How The Law Is Written and Passed in Washington, DC

The DC Code is the compilation of all laws passed by the DC Council. It includes things like gun laws, freedom of information, transportation laws, and a lot more that has daily importance in your life.

Wilson Building in Washington DC by Andrew Bossi

DC’s legislative body is called the Council of the District of Columbia. It’s a council of 13 members who have the power to author, vote on, and discuss laws and resolutions. They aren’t the only people who can write laws - so can the mayor, as well as other charter agencies.

The Council meets every 2 weeks and creates bills and resolutions which modify the code as soon as they are passed. Thus the code changes very often.

The council doesn’t have supreme authority over whether laws are passed: Congress has veto power over all of DC’s permanent laws.

The DC home rule law passed in 1973 gives Congress ultimate power over DC’s lawmaking. Every proposed law must sit in Congress for up to 30 days, and Congress can pass a resolution effectively vetoing it, if they wish. In practice, this power has only been used a handful of times, and in reality this period is often well over thirty days, since it doesn’t include weekends or Congress’s closures and breaks.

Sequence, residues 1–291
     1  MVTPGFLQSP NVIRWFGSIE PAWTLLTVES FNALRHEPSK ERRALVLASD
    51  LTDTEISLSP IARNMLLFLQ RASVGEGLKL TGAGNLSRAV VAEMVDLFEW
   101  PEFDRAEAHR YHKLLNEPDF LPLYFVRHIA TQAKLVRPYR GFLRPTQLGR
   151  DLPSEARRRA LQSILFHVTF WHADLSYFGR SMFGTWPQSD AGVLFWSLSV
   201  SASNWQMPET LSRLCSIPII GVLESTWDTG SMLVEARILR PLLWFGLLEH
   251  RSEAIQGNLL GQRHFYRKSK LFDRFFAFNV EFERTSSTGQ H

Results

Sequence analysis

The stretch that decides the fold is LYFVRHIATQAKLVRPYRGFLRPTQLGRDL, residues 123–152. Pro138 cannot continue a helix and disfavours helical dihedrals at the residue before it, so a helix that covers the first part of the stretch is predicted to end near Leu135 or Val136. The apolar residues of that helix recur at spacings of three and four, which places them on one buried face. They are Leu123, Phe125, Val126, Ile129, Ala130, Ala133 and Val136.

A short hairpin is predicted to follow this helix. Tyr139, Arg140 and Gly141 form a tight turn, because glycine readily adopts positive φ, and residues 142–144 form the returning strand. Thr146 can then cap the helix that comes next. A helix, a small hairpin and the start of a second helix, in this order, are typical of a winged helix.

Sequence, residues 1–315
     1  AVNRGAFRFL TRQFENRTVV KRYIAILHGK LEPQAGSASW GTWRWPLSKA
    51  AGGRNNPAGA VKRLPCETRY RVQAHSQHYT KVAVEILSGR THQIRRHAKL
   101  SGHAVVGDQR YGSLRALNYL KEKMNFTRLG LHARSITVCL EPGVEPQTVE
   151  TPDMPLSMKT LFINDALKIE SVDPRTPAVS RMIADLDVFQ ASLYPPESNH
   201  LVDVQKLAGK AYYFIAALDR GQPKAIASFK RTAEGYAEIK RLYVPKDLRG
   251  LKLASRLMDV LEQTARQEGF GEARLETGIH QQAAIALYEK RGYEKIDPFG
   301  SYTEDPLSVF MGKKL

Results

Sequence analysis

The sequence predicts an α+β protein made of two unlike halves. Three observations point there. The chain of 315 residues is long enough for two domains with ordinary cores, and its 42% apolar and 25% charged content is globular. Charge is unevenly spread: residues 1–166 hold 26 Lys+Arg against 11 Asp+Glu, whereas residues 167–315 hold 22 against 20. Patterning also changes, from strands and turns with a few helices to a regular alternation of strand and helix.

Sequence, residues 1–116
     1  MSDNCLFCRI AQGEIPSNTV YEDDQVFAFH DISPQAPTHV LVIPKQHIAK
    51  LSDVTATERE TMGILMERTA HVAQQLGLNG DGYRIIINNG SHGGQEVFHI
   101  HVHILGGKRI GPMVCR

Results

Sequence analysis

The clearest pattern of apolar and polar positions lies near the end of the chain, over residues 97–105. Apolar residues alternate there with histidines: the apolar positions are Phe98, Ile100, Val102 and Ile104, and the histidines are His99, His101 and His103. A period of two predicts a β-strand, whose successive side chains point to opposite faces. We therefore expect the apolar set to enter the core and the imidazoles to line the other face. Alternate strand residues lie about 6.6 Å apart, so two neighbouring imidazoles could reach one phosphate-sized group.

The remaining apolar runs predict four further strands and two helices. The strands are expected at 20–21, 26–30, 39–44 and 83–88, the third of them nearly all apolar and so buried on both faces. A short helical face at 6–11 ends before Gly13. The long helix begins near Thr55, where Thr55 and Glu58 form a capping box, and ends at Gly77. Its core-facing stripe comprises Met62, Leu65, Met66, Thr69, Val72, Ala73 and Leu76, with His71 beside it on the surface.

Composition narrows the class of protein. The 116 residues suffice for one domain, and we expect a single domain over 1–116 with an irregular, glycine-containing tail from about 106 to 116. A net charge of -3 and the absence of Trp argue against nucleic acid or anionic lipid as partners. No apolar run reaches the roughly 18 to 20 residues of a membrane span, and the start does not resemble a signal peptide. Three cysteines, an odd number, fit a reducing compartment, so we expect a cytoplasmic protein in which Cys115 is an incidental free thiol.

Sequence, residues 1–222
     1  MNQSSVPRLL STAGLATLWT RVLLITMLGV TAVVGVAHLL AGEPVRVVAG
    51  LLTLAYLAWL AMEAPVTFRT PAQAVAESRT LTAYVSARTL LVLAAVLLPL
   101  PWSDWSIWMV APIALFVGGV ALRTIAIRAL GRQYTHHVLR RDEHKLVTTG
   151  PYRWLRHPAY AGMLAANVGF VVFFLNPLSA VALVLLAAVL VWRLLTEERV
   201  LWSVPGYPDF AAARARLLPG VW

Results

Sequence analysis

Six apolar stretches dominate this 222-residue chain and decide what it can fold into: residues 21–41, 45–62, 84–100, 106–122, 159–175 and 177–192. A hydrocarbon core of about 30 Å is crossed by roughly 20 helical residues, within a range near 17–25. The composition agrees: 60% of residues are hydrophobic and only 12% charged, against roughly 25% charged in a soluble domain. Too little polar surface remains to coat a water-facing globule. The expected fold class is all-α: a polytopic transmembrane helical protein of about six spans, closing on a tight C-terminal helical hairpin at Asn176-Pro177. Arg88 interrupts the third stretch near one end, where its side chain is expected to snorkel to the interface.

As a result, the Council has created routes to pass laws while waiting on Congress’s approval: Emergency legislation that lasts for 90 days, and Temporary legislation that lasts for 225 days. These complicate the issue of ‘the code’ since it gains and loses sections quickly. These fleeting laws are placed in a sidebar of printed copies of the Code, and prompty removed when they expire.

The source for this image is available and liberally licensed.

See also: How a Bill Becomes a Law. Photo by Andrew Bossi, CC. Feel free to submit corrections.